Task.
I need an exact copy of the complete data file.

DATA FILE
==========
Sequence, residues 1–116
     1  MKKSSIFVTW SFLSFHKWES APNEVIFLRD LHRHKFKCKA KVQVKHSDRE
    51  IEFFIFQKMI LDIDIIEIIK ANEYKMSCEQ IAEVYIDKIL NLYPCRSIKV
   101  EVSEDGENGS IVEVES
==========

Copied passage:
Sequence, residues 1–116
     1  MKKSSIFVTW SFLSFHKWES APNEVIFLRD LHRHKFKCKA KVQVKHSDRE
    51  IEFFIFQKMI LDIDIIEIIK ANEYKMSCEQ IAEVYIDKIL NLYPCRSIKV
   101  EVSEDGENGS IVEVES